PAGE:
Um, you know, and I, it, I can’t help but ask, you know, how much of the show, if you, if you even watch the show, is, is stuff that, uh, you’re like, yeah, that never has ever happened. Or this is stuff that like happens all the time, you know? What is your experience like if you ever watched that show? So,
Terence Bennett: um, ironically the only show I’ve ever seen of N C I S was on the watch floor as a joke in the middle of the night.
One night we, we put the show on one of the big TVs to watch. Cause like none of us have ever seen it. Um, you know, like as with all tv, it’s, it’s [00:03:00] largely fabricated. I think the mo, the only accurate thing is probably the name. Um, but, but joking as I, NCIS has a really interesting, and maybe this is the reason they picked it for the show.
It sits at the sort of cross section of both counterintelligence intelligence, um, and criminal investigations. And it’s one of the only agencies that has this absurdly broad sort of, uh, mandate across all those different areas. And so, um, You know, in, in the Intel world there’s a bunch of kind of, um, laws around like who can have access to what kind of information.
So the watch flow’s really interesting cuz you have a civilian law enforcement specialist who, who can only look at that data. And then you’ve got uniform folks who are, who are looking at the intel piece of it. So really interesting place to work. Um, I imagine it’s a good reason why they picked it over other places to show about, but the show itself is, Is is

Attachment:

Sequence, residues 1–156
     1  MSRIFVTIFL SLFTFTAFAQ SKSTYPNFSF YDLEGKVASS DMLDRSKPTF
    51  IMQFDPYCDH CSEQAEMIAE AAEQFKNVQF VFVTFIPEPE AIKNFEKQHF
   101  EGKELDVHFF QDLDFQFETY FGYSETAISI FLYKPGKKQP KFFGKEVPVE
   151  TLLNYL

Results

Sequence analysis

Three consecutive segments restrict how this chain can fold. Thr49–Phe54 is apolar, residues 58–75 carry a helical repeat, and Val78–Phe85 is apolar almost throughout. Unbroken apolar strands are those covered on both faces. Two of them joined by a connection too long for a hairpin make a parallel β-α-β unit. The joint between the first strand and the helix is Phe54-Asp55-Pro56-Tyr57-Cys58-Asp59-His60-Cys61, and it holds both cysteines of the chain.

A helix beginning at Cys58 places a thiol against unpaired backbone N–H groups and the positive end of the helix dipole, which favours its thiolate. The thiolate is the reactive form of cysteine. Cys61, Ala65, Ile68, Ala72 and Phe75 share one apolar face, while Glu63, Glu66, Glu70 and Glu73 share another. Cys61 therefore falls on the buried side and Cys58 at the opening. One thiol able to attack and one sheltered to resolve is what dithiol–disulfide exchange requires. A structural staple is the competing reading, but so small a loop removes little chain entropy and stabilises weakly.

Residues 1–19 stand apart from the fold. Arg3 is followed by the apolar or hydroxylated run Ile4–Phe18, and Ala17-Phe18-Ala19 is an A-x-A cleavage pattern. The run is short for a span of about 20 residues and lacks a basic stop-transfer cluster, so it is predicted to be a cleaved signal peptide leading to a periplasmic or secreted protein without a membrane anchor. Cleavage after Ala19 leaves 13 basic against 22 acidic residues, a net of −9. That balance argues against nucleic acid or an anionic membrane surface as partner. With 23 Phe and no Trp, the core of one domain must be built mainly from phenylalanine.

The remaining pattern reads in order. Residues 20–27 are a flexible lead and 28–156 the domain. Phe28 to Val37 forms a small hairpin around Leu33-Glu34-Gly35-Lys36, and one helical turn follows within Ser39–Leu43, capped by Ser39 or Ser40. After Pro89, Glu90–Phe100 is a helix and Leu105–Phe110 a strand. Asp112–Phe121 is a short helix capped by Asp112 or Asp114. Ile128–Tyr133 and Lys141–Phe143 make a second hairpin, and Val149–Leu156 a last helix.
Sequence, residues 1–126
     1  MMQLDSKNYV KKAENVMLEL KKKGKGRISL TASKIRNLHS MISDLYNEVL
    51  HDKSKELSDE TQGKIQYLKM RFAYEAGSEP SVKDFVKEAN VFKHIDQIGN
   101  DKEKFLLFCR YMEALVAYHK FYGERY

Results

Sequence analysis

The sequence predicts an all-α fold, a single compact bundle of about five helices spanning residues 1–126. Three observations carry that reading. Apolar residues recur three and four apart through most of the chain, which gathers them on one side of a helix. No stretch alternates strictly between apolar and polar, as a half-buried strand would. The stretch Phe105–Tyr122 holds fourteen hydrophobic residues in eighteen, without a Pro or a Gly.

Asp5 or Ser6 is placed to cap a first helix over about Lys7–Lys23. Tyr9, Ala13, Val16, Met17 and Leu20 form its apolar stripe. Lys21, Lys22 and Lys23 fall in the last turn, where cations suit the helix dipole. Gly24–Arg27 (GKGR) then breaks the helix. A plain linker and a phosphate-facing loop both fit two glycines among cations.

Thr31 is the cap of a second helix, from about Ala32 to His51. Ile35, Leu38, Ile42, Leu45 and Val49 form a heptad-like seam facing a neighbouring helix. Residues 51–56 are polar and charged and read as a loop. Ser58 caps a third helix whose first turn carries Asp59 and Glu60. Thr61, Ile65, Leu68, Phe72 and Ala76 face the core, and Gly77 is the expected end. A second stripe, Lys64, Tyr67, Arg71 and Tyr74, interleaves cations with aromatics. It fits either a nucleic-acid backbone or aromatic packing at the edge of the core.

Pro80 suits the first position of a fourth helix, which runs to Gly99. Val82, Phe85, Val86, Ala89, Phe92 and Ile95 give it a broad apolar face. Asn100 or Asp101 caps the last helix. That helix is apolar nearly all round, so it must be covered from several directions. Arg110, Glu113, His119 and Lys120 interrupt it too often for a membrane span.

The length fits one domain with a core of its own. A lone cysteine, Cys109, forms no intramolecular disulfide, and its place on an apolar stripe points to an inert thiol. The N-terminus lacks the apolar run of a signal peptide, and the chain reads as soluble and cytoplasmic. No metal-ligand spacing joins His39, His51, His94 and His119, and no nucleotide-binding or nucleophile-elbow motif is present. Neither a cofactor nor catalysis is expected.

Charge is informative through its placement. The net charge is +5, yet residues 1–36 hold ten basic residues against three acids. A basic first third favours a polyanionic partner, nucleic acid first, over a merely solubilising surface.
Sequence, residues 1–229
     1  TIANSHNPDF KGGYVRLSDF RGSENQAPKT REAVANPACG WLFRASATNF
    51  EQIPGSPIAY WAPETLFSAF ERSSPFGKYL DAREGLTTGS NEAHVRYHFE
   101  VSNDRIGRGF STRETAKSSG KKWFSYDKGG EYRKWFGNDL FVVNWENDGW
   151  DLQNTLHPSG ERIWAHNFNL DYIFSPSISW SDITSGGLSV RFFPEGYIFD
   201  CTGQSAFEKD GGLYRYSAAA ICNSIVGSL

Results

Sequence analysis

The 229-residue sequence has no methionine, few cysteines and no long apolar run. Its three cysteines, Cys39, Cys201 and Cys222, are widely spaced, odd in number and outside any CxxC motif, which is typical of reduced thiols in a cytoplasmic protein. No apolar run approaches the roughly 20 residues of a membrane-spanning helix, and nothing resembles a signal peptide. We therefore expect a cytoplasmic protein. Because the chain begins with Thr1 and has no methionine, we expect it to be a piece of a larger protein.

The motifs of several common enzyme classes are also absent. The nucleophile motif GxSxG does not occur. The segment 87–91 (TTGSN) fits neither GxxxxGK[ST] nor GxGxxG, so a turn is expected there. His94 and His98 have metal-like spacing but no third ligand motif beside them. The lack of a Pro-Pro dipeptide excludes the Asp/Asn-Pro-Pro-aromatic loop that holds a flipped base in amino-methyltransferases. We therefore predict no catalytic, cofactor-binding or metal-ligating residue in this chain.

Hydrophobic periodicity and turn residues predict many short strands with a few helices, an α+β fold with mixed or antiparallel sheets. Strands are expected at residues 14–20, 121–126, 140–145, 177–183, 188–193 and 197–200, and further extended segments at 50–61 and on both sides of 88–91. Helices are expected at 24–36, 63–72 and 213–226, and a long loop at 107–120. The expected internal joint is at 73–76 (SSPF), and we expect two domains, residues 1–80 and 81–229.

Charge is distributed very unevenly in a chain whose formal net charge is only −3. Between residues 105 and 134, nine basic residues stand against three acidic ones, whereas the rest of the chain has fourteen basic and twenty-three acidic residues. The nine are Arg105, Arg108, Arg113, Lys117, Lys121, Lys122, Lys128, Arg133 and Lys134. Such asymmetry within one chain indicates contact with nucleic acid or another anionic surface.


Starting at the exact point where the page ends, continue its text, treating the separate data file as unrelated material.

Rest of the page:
Scott DeLuzio: a little bit silly.
Yeah. You know, I kind of imagine that was going to be the answer that you’re gonna give. But, uh, you know, for, for me it’s just, it’s interesting, you know, talking to someone who, who’s been there and actually experienced [00:04:00] it. You know, is it, is it anything along the same lines? But Yeah, I, you know, it, it’s a Hollywood dramat dramatization of, you know, what, what goes on.
I’m sure. Um, you know, it, it’s not, um, Like you said, outside of the name, it’s probably nothing similar to that.
So, um, we talked a little bit about, uh, your time in, uh, N C I S and Naval Intelligence. Um, how did your time in the military shape you as a person and as a professional to kind of.
Such the stage for your next career in, in technology?
Terence Bennett: Um, it’s an interesting question. I, um, you know, occasionally people ask me like, oh, what’s the military like? And I sort of joke it’s this like esoteric question almost because it’s such a defining part of like who I am and my life experience. It’s hard to sort of un, un unravel myself from that experience.